published: 21st April 2020
She was given two choices…
Georgiana Bridgerton isn’t against the idea of marriage. She’d just thought she’d have some say in the matter. But with her reputation hanging by a thread after she’s abducted for her dowry, Georgie is given two options: live out her life as a spinster or marry the rogue who has ruined her life.
Enter Option #3
As the fourth son of an earl, Nicholas Rokesby is prepared to chart his own course. He has a life in Edinburgh, where he’s close to completing his medical studies, and he has no time—or interest—to find a wife. But when he discovers that Georgie Bridgerton—his literal girl-next-door—is facing ruin, he knows what he must do.
A Marriage of Convenience
It might not have been the most romantic of proposals, but Nicholas never thought she’d say no. Georgie doesn’t want to be anyone’s sacrifice, and besides, they could never think of each other as anything more than childhood friends… or could they?
But as they embark upon their unorthodox courtship, they discover a new twist to the age-old rhyme. First comes scandal, then comes marriage. But after that comes love…
Galley provided by publisher
The more I read of Julia Quinn, the more I start to see patterns in her works. That sounds like a set-up to say that this was just another one following those patterns, but it’s not. This book was actually a refreshing departure from those.
First Comes Scandal tells the story of the youngest of the Bridgertons and Rokesbys: Georgie and Nicholas. When Georgie is kidnapped by a man who wants to elope with her to clear his gambling debts, Nicholas is drafted in (not entirely willingly) to marry her and save her from ruin. Only, Georgie has some definite thoughts about that.
Firstly, as ever, Julia Quinn creates two great characters. In this one, I particularly loved Georgie (though that seems to be a pattern for me with her books: I love the female mc, I generally couldn’t care less about the male one). Here, they have such great banter between them, and you can tell they’re genuine friends before they have to marry (again, nice departure).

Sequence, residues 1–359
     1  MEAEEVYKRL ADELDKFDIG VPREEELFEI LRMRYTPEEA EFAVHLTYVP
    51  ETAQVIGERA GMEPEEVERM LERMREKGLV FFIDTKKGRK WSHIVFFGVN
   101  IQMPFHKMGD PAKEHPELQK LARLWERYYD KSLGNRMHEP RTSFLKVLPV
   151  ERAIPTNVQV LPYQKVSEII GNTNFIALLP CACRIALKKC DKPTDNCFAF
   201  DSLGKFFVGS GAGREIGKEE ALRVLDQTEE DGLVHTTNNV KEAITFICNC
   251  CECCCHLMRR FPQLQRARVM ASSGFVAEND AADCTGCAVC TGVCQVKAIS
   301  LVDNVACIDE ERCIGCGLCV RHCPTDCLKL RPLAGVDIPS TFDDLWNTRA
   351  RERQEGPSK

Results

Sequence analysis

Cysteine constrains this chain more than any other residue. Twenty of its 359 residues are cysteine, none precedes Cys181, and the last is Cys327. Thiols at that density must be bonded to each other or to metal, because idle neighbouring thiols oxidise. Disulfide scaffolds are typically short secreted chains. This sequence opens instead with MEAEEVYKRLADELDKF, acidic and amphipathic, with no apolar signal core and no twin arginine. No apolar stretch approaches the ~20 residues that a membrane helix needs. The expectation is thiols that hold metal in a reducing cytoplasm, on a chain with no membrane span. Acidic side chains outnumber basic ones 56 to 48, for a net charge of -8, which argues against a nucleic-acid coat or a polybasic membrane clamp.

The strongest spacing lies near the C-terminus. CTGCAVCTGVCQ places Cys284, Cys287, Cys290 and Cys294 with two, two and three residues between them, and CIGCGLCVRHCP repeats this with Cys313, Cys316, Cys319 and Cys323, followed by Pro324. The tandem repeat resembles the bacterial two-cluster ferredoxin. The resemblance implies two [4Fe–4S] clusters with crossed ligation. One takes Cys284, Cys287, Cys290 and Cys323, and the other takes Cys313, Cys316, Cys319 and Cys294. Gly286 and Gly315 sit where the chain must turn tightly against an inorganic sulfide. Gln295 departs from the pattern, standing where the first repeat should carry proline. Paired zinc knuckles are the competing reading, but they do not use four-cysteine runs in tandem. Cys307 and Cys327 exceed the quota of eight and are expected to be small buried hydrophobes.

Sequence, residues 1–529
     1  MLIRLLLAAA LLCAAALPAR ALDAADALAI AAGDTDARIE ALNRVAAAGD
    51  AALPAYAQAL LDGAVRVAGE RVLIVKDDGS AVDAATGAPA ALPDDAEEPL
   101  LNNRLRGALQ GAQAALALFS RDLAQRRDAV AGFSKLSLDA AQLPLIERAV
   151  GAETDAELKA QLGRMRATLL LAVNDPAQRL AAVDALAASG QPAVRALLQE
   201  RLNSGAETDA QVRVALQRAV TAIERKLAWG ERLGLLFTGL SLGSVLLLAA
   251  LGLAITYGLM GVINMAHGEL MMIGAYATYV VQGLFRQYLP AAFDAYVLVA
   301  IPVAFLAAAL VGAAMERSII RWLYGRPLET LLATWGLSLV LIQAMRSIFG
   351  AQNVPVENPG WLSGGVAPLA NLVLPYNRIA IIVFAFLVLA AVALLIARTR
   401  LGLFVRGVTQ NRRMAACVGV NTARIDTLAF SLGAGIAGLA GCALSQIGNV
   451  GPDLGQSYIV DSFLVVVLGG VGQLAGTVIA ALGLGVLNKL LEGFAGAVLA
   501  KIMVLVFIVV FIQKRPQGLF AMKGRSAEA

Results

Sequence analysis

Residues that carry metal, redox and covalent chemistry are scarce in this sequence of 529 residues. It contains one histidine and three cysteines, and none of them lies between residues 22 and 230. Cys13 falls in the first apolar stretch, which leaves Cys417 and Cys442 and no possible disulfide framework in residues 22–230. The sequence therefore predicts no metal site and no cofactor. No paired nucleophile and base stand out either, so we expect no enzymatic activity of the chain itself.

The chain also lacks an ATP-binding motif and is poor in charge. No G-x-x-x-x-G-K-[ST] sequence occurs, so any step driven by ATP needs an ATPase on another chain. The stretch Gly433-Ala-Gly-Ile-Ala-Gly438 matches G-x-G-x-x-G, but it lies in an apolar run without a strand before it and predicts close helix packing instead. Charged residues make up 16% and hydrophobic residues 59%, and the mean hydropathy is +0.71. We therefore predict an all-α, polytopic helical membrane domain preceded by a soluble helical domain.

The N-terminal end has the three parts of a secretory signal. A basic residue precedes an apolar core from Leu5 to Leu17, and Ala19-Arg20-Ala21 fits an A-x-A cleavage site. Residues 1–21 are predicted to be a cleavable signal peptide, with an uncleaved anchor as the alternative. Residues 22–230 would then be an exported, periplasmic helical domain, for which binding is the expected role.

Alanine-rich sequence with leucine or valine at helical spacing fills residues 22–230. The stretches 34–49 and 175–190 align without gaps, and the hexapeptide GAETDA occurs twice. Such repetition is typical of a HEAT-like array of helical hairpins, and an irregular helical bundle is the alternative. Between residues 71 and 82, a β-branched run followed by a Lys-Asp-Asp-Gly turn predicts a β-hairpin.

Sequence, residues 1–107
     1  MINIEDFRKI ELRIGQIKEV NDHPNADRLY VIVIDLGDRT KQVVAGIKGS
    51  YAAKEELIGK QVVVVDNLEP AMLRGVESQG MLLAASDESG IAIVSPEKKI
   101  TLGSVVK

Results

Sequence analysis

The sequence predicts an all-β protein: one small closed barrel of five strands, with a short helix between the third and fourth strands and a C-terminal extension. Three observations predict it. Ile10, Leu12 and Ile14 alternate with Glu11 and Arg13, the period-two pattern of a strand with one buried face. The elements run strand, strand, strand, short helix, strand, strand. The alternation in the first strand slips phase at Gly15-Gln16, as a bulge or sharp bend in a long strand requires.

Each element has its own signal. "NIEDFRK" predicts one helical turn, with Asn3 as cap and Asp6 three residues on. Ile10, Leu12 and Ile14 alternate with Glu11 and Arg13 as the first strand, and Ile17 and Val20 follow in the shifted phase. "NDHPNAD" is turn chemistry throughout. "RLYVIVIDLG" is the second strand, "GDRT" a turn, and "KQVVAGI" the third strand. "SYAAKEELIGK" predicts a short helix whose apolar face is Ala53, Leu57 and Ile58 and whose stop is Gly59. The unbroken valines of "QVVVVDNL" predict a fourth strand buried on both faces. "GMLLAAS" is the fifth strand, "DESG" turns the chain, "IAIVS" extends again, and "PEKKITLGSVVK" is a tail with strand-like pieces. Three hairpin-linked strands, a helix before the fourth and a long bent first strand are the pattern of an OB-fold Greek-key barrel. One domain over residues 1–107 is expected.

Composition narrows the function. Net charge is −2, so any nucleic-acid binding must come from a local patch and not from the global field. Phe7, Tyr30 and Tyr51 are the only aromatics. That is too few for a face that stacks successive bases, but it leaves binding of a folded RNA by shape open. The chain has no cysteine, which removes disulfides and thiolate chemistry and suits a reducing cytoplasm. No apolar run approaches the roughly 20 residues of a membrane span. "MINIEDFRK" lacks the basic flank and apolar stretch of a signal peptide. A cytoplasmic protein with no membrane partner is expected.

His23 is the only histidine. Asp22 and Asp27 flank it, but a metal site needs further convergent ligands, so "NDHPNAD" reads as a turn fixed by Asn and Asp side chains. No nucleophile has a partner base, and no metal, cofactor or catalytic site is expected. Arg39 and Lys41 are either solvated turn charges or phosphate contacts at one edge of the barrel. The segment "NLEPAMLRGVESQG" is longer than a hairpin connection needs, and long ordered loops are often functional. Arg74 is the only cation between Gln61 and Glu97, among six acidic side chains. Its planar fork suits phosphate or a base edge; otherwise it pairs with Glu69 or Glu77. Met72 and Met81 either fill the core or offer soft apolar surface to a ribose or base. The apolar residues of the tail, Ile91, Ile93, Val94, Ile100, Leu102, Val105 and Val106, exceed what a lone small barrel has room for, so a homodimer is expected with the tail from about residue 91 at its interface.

I also liked the plot of this one, particularly that there was no stupid misunderstanding between the two of them to create angst. I guess it’s easier when your characters weren’t strangers at the outset, but I really appreciated not feeling like I wanted to reach into the book and smack one of them over the head for being so stupid. Even if I was sort of holding my breath, expecting it to happen, even in the last 10% of the book.
But what sort of let this book down for me was that it all felt sort of bland. As much as I loved Georgie, and as much as I appreciated the lack of stupid angst, I was never really excited by it like I was, say, Because of Miss Bridgerton. I was even a little bit bored at points (though not that one scene involving the rake and the butlers that’s for sure…).
So, in the end, it was good, but it just wasn’t great.